Perennials is a term that describes what many gardeners and homeowners strive for, which is a plant that comes back every spring.
There are perennial plants that can meet just about every need a landscape has. Perennials range from low growing plants to tall growing
plants, from those that produce colorful flowers to those that provide visual pleasure with glowing seed heads, such as those exhibited by
some ornamental grasses. Perennial gardens need to be planted only once. The perennial garden can contain plants that flower, plants with
colorful leaves and foliage, and low growing ground covers for that especially shady spot.
Perennials tend to die back to the ground each winter. Perennial plants generally have fewer major problems than annuals and are sustainable
with lower care and maintenance needs. Blooming perennials tend to average about 3 weeks of bloom time so choosing plants with attractive
structure and foliage and flowers will enhance your landscape for years to come
Several additional advantages of growing perennial flower gardens are outlined here.
Perennial flowers are used for many different landscape purposes such as borders, boundaries, ground covers, in containers, on trellises,
arbors, or pergolas. Keep these advantages in mind when planning a perennial flower garden.
- Growing perennial gardens is a better investment overall.
- Perennial flowers are versatile and add interest and color to gardens.
- Some perennials in the herbaceous family need to have their root systems divided every few years and this give you more plants without
buying new ones.
- Perennials and annuals can grow side-by-side which makes for a very colorful garden.
- Perennials have a variety of different foliages when not blooming, so perennial flower gardens don’t look bare in winter months.
Tips for Growing a Gorgeous Perennial Flower Garden
Site and Soil Considerations
Perennials are left in the same soil for many years select and prepare garden site with care. Perennial flowers also thrive planted in
raised flowerbeds. If your soil is poor, amend it with a mixture of compost, peat moss, or other organic matter. Perennials need well-drained
soil; if soil is too sandy, add small pea gravel to soil. Spade flowerbed to a depth of 8 to 10 inches, working in the soil amendments thoroughly.
Do this well ahead of planting time.
Perennial Flower Plant Selection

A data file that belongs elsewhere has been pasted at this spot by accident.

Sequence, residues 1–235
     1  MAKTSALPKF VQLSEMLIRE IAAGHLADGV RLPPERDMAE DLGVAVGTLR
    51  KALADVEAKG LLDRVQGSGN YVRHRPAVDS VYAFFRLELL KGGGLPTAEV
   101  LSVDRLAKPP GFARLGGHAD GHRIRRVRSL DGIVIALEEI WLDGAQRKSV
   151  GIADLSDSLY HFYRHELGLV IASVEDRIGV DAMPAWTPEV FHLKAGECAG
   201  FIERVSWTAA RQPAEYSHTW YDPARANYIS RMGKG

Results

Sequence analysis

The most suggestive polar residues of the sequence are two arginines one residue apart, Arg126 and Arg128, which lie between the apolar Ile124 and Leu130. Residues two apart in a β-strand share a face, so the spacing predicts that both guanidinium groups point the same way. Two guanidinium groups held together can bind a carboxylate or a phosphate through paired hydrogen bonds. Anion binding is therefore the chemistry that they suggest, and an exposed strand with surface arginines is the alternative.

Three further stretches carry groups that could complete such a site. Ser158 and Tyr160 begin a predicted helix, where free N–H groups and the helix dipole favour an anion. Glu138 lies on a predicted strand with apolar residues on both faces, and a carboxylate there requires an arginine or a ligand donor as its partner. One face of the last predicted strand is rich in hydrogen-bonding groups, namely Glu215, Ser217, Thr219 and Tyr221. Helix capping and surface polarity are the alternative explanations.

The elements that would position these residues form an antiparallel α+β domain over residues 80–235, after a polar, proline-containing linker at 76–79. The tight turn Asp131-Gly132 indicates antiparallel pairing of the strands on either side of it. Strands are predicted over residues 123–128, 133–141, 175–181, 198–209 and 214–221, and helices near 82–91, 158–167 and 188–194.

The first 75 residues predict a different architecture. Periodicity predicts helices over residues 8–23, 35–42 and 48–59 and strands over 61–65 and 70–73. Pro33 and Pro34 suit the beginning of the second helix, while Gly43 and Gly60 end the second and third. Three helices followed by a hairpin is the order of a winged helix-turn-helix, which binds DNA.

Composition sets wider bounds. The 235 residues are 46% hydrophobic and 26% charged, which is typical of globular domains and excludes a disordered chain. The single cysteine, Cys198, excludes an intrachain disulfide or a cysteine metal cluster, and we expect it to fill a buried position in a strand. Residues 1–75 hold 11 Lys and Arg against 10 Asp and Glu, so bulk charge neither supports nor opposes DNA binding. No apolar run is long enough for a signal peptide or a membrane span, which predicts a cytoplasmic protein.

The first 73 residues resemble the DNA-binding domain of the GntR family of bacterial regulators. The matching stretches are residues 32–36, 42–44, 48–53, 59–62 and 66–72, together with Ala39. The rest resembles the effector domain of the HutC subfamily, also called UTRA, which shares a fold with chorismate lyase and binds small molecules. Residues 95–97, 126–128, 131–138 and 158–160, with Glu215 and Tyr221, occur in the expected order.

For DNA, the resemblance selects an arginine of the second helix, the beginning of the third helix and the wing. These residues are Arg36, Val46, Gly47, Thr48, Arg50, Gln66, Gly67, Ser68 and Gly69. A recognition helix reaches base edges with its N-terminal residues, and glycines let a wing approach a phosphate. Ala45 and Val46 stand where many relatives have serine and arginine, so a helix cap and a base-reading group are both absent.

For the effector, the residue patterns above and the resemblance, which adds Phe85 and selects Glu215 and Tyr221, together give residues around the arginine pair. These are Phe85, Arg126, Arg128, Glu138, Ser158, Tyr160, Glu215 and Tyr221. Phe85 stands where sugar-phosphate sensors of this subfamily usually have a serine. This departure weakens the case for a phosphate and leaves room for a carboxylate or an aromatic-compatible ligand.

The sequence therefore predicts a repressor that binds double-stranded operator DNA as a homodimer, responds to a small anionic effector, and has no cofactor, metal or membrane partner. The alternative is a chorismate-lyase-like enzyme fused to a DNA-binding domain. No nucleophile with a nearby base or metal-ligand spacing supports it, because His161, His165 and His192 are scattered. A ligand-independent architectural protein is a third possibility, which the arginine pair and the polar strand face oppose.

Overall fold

Determine your Plant Hardiness Zone prior to selecting your perennial flowers or shrubs. Although most perennials are hardy, there are some
that won’t thrive in certain climates. Some perennial flowers prefer sunny locations; others love the shade, so select your perennial flowers
according to where you will plant them.
No other group of flowering plants provides as much color as quickly and economically as annuals. Annual plants sprout from seed, flower, set
seed, and die within one season. Many flowers, vegetables, and herbs are planted every year as annuals. Other plants may live longer in their
native lands, but do not survive the heat or cold of the mid-south and are best treated as annuals.
Annuals are inexpensive, especially when grown from seed. However, they do require soil preparation, fertilization, irrigation, weeding, and
pest control. Most are native to semiarid regions of the world and require full sunshine to survive.
Most annuals are planted in spring and are killed by frost in the fall. However, some, including pansies, ornamental cabbage, and dill are
tolerant of our winters and are best planted in the fall for color throughout the winter. These are usually killed by the heat of early summer.
Annual gardens are easily established in the smallest and most restrictive of spaces as well as the harsh conditions of a large suburban garden.
Their relatively shallow root systems require only a modest amount of soil. Gardeners with sizable yards quickly learn the trick of planting one
or two easy-to-grow beds of massed annuals to decorate patios, walks, or pools. Apartment dwellers can achieve a splash of color with a few well-placed
pots, wash tubs, or planter boxes of annuals.
Annuals that need full sun, such as periwinkle and marigold, grow and flower best when they receive at least 4 to 6 hours of direct sunlight each day.
Woodland species perform best under partial to heavy shade.
Visit our "Gardens" photo gallery to view a sample of our recent garden projects.